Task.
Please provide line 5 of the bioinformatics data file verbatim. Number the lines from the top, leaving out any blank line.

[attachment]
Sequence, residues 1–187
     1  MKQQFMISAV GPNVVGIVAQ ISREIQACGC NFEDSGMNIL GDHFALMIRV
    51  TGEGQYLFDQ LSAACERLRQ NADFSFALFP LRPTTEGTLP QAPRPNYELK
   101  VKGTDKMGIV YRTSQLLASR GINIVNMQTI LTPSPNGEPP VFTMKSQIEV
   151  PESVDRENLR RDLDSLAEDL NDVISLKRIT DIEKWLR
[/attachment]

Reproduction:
   151  PESVDRENLR RDLDSLAEDL NDVISLKRIT DIEKWLR